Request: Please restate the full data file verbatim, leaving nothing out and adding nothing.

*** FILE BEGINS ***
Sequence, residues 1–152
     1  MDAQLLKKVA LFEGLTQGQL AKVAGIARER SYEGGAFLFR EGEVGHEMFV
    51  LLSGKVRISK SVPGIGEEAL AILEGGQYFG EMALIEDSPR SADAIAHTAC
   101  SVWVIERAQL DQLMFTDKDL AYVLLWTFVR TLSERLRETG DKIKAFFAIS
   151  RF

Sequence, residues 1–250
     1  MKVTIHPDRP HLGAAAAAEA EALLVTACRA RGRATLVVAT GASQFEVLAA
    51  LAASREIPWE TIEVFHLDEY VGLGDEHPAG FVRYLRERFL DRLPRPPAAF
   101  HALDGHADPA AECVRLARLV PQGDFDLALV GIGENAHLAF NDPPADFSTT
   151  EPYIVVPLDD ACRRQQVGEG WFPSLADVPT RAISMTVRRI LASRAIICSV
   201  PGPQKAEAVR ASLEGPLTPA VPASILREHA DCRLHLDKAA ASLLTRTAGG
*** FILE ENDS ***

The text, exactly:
Sequence, residues 1–152
     1  MDAQLLKKVA LFEGLTQGQL AKVAGIARER SYEGGAFLFR EGEVGHEMFV
    51  LLSGKVRISK SVPGIGEEAL AILEGGQYFG EMALIEDSPR SADAIAHTAC
   101  SVWVIERAQL DQLMFTDKDL AYVLLWTFVR TLSERLRETG DKIKAFFAIS
   151  RF

Sequence, residues 1–250
     1  MKVTIHPDRP HLGAAAAAEA EALLVTACRA RGRATLVVAT GASQFEVLAA
    51  LAASREIPWE TIEVFHLDEY VGLGDEHPAG FVRYLRERFL DRLPRPPAAF
   101  HALDGHADPA AECVRLARLV PQGDFDLALV GIGENAHLAF NDPPADFSTT
   151  EPYIVVPLDD ACRRQQVGEG WFPSLADVPT RAISMTVRRI LASRAIICSV
   201  PGPQKAEAVR ASLEGPLTPA VPASILREHA DCRLHLDKAA ASLLTRTAGG